Lack of CD45 in FLT3-ITD mice results in a myeloproliferative phenotype, cortical porosity, and ectopic bone formation.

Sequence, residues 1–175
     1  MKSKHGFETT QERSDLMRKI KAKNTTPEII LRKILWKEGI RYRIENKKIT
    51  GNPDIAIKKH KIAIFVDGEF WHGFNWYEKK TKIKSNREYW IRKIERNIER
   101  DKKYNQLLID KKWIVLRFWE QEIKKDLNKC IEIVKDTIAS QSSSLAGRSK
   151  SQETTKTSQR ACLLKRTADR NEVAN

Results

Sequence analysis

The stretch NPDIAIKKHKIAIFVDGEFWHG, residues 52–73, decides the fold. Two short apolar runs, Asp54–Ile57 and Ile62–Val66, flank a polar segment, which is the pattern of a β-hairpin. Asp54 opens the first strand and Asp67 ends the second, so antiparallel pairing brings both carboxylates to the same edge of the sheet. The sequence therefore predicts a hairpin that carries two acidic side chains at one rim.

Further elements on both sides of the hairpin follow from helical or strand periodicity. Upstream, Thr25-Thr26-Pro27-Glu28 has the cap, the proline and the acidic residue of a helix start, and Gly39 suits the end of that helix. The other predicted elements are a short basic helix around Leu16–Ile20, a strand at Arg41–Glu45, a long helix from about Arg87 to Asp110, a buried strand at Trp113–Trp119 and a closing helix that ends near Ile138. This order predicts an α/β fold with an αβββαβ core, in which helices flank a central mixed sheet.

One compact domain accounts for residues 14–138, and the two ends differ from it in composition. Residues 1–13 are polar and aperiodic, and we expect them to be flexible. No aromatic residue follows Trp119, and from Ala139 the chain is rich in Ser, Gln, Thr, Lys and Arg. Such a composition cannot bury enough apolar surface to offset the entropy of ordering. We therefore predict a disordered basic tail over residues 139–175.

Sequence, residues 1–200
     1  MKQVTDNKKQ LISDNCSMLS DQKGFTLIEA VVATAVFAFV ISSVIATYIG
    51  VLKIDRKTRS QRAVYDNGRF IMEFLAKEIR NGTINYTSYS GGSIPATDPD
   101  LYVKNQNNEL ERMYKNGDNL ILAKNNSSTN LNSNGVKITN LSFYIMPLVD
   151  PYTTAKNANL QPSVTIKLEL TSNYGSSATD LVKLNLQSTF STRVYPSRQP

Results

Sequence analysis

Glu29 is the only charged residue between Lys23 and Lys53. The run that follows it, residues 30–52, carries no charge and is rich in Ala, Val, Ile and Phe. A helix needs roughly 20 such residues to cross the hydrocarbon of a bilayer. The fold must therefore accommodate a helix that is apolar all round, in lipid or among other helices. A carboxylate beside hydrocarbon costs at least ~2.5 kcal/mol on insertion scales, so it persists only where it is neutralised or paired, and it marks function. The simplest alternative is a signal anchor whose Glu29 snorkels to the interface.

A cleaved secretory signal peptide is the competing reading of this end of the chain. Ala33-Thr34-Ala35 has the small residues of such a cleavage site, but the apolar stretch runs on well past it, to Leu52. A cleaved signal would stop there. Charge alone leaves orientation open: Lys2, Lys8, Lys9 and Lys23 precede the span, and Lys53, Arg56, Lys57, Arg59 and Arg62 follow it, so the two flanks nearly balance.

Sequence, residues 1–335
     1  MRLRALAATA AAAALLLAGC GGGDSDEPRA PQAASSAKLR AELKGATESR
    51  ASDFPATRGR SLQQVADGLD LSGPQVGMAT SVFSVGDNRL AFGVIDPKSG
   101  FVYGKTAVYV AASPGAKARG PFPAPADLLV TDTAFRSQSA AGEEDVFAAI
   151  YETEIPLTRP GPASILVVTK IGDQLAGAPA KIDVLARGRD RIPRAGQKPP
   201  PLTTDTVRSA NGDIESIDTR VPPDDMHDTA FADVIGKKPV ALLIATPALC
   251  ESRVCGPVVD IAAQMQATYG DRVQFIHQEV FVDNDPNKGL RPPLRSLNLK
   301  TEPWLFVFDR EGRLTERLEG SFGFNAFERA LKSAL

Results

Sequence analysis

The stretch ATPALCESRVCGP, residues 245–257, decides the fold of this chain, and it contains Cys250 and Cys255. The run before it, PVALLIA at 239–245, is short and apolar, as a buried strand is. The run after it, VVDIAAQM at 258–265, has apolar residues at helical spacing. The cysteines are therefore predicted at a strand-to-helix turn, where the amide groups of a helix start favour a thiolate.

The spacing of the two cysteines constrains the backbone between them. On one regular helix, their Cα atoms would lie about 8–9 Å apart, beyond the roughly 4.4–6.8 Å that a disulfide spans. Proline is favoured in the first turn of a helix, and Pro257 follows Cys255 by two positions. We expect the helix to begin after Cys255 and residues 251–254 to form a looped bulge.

The receptor-tyrosine kinase FLT3 is expressed in myeloid and lymphoid progenitor cells. Activating mutations in FLT3 occur in 25 – 30 % of acute myeloid leukaemia (AML) patients. Most common are internal tandem duplications of sequence (ITD) leading to constitutive FLT3- ITD kinase activity with altered signalling quality promoting leukaemic cell transformation. Recently we observed an attenuating role of the receptor-like protein-tyrosine phosphatase (RPTP) CD45/Ptprc for FLT3 signalling in vitro. Low level expression of this abundant RPTP correlates with poor prognosis of FLT3-ITD positive AML patients. To get further insight into the regulatory role of Ptprc for FLT3-ITD activity in vivo, Ptprc knock-out mice were bred with FLT3-ITD knock-in mice. Inactivation of the Ptprc gene in FLT3-ITD mice resulted in drastically shortened life-span and development of severe monocytosis, a block in B cell development and anaemia. The myeloproliferative phenotype was associated with extramedullary haematopoiesis, splenohepatomegaly and severe alterations of organ structures. The phenotypic alterations were associated with increased transforming signalling of FLT3-ITD including activation of its downstream target STAT5. These data reveal the capacity of Ptprc for regulation of FLT3-ITD signalling activity in vivo. In addition, histopathology and computed tomography (CT) revealed an unexpected bone phenotype: The FLT3-ITD Ptprc-/- mice, but none of the controls, showed pronounced alterations in bone morphology, and in part apparent features of osteoporosis. In spleen ectopic bone formation was observed. The observed bone phenotypes suggest a previously unappreciated capacity of FLT3-ITD (and presumably FLT3) to regulate bone development/remodelling, which is under negative control of CD45/Ptprc.